How to Calm Your Dog During a Storm
Many dogs have a phobia of loud noises. You can alleviate a lot of your dog’s fear and stress by training him well and providing a place where he can feel safe.
Storm phobia can get your pet scared and stressed out, which in turn can put his health at risk. Follow these tips to learn how to calm down your dog during a storm and get through this difficult situation.
How to know if your dog is afraid of storms
Sounds and lights that cause your dog to feel fear and anxiety are not yet officially classified by veterinarians. Here are the most common things that your pet may react to:
- The sound of wind
- Changes in atmospheric pressure
- Static electricity
- Low frequency sounds before storms that humans cannot hear
Ways to calm down your dog during a storm
The main problem with untreated or undiagnosed phobias is that, each time the trigger reappears, the aggressive, anxious or instinctive response is repeated more intensely.
Fear and anxiety attacks can change your dog’s personality in the long run if you do nothing to control them. A dog who used to be a healthy, obedient and sociable can become a fearful and aggressive animal that no longer obeys his owner.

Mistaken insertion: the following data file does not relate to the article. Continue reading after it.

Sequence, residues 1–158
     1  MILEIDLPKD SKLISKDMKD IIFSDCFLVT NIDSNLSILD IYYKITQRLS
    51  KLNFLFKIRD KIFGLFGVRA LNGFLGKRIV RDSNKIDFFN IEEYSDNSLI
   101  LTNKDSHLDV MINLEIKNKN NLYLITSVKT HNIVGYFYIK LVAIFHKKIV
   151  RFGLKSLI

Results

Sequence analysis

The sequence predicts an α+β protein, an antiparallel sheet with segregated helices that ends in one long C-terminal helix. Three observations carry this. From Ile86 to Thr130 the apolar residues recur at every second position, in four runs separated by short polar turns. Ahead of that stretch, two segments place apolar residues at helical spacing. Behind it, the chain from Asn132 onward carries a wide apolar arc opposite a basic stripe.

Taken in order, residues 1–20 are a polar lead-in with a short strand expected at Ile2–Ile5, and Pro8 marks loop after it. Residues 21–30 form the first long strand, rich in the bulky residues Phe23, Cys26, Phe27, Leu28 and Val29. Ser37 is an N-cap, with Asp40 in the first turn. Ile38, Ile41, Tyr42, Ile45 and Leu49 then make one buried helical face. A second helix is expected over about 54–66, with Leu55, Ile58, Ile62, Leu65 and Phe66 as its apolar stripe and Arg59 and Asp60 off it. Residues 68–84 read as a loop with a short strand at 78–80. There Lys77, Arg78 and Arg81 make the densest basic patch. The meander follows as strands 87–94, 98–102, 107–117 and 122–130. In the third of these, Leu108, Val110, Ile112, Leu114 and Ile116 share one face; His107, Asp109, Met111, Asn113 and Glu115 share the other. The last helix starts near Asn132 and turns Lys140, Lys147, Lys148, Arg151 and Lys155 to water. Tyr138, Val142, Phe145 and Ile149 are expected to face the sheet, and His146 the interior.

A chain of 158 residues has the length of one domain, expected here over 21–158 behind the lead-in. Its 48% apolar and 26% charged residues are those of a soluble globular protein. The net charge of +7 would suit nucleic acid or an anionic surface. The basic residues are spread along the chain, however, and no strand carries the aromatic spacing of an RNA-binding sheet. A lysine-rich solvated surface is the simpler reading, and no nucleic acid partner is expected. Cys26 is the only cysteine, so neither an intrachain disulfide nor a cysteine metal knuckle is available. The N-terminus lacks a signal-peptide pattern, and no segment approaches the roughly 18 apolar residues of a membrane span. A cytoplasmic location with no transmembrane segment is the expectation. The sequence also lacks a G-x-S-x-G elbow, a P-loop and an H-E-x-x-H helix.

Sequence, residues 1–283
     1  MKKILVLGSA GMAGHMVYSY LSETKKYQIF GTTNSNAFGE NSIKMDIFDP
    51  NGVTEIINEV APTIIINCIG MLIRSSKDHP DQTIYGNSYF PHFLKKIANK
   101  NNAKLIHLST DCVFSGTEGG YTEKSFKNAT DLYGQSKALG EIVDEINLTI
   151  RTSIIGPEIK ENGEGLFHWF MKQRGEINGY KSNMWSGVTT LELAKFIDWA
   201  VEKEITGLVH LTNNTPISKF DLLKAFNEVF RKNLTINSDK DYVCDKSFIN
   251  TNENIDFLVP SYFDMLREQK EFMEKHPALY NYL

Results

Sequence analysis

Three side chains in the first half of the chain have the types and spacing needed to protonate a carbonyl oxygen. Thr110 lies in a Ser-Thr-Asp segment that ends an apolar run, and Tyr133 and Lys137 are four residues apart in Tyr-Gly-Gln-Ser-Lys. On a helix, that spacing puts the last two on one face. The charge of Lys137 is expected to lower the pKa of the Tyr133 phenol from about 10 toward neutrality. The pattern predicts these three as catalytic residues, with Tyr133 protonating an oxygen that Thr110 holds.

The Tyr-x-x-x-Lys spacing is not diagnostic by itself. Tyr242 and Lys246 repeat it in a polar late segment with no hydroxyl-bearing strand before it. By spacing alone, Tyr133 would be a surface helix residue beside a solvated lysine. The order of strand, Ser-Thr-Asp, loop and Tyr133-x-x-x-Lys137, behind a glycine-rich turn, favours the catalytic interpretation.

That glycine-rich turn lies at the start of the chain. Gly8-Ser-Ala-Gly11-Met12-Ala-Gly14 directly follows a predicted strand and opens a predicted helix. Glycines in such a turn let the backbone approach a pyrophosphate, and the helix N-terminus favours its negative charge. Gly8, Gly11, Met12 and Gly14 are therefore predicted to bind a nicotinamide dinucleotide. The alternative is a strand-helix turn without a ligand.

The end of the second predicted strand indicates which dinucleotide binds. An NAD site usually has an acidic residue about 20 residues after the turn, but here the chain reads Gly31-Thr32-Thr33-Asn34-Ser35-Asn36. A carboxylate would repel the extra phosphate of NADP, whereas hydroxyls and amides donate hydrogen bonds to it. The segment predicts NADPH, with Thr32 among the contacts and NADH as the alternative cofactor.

With the following strategies, you can calm down your dog in the long run and come up with certain action plans for when your dog gets scared and stressed out in the future.
- Try to introduce a “calm down” command into your pet’s training routine. This strategy can be put into effect while your dog is a puppy, and it will have long-term effects. If you teach him that by remaining still and calm, he will get a treat out of it and will relate it to a pleasant experience. That way, you can command your dog to remain calm during a storm.
- Give your dog a place to take refuge. It doesn’t have to only be a shelter. It can be any room where your pet feels comfortable; one that provides him a sense of peace and well-being. If you have a safe-place nearby during a storm, the dog will be able to manage his emotions better.
- Consider giving him a special anti-anxiety garment. Several studies show that receiving hugs during times of stress or anxiety reduces people’s stress levels. When it comes to dogs, you won’t give them hugs, but rather garments tight enough to provide a healthy pressure on their chest and back. A study from 2009 showed its effectiveness for relieving a dog’s anxiety.